Glorious beaches in St. Barts, St. Martin, Martinique, Guadeloupe will be even more tranquil now
Known for welcoming the uber-wealthy and uber-famous, the idyllic islands of St. Barts, St. Martin, Martinique and Guadeloupe will have to turn all of them away at the border, even if they’ve flown in on a private jet with bagfuls of cash. The islands’ parent government in France has closed all its Caribbean territories to incoming visitors in an effort to keep the coronavirus out — right in the middle of the peak winter season.
St. Barts, seeing a surge in popularity over the past few years, has but one hospital, which could be easily overwhelmed by COVID-19 cases. It’s a tiny island, just 25 square kilometres, and home to just 10,000 locals. Saint Barthélemy, as it’s formally known, is reporting eight new infections on average each day, with just one death recorded since the pandemic began.
With splendid yachts lining its harbours and designer shops normally thronging with the well-heeled, it’s no wonder the chief of the tourism board is a bit vexé by the overseas decision. The French government took this action “independently of the will of our local authorities’ (desire) to keep St. Barts open,” Nils DuFau, president of the St. Barts Tourism Board, said in a statement. He said he and local authorities are “negotiating” with French officials “to ease the entry restrictions and find an alternative solution.”
Martinique is so French it sports retail outlets such as Carrefour supermarkets, Renault and Citroen dealerships and a Galleries Lafayette store in the capital, Fort de France, a city of 100,000. Most of its tourism comes from the mother country, so the many fine French restaurants on the island will be hurting with the latest border closure.
COVID-19 infections are increasing in Martinique, with 11 new infections reported on average each day, with 6,484 infections and 45 coronavirus-related deaths reported in the country.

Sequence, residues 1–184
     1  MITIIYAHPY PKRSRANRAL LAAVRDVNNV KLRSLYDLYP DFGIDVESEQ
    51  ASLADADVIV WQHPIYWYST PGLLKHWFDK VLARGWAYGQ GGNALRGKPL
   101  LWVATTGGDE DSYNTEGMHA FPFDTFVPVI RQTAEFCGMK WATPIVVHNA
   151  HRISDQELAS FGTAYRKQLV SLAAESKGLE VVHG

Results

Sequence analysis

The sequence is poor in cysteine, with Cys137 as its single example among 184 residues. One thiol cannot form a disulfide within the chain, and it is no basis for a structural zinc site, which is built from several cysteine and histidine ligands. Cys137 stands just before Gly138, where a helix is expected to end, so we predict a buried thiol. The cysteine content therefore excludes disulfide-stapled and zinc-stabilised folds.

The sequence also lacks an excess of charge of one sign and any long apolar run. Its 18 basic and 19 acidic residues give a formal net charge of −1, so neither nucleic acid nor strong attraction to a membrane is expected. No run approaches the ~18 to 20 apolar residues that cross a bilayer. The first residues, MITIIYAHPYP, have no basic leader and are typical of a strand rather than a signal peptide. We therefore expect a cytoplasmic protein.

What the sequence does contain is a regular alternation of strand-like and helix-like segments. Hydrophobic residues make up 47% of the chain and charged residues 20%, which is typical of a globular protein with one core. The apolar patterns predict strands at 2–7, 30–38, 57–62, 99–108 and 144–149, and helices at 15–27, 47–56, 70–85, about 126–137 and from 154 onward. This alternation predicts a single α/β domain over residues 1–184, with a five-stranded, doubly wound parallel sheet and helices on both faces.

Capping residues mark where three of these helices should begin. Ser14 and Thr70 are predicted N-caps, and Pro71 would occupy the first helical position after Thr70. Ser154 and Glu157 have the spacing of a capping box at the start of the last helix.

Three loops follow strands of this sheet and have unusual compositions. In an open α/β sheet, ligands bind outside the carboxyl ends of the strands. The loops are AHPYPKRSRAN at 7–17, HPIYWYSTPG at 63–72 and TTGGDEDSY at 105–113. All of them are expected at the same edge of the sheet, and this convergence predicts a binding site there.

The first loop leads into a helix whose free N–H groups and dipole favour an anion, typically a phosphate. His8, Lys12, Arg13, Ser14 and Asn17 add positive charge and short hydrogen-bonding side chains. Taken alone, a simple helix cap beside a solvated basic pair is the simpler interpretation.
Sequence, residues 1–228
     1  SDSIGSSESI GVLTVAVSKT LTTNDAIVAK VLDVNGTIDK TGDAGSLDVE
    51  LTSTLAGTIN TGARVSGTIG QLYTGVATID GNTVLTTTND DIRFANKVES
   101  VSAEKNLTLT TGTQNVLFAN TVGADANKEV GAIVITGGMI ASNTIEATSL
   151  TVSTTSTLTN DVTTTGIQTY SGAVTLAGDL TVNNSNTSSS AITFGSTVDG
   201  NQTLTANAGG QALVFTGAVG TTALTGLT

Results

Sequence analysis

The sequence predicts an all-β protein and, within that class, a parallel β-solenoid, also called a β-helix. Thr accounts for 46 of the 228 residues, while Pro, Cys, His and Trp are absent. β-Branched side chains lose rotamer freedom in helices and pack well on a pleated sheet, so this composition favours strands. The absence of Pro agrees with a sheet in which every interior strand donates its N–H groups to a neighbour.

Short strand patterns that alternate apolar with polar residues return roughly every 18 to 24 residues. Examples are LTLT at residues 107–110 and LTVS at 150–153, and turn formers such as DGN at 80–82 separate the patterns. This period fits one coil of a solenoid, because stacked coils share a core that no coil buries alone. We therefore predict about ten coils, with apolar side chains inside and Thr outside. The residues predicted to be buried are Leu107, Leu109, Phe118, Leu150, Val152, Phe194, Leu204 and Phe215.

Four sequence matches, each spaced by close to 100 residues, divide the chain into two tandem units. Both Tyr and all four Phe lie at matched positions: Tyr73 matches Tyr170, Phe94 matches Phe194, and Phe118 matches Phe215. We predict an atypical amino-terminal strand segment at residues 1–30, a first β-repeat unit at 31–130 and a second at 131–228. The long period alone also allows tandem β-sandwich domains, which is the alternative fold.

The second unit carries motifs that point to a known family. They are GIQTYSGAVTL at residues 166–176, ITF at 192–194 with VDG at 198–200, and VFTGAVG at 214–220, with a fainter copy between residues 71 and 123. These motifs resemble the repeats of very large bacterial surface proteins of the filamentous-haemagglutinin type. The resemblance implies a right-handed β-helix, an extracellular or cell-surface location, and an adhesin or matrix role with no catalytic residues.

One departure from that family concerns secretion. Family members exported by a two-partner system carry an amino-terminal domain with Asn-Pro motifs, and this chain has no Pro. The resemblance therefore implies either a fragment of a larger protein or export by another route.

Five of Guadeloupe’s six islands received a group Unesco Biosphere Reserve designation, and one is volcanic — it last erupted in 1976. The ecotourism outfits as well as the hotels and rental companies will increasingly feel the pain of the border closure. COVID-19 infections are increasing in Guadeloupe, with 18 new infections reported on average each day, according to the Reuters virus tracker.
St. Martin, of course, is the island that is split in half – the Dutch side is Sint Maarten, the French is Saint-Martin. It’s the Saint-Martin airport where the planes come so close to the beach that tourists are occasionally blown down. Saint-Martin is reporting 14 new infections on average each day, with1,289 infections and 14coronavirus-related deaths reported in the country since the pandemic began.
Each of these territories is unique, but all fall under the umbrella of France. And how appropriate that word is, given the officials in Paris are suffering in cold rainy weather while the islands enjoy the tropical breezes on sunny days. Who wants to bet many of the high-flyers wish they could charter their own jet and take a few days of salt air and sunshine? Although, that’s what Ontario’s health minister Rod Phillips did in mid-December. But as his few days in St. Barts cost him his job, maybe Monsieur Macron et al would be smarter to stay home until the horreur of COVID is over.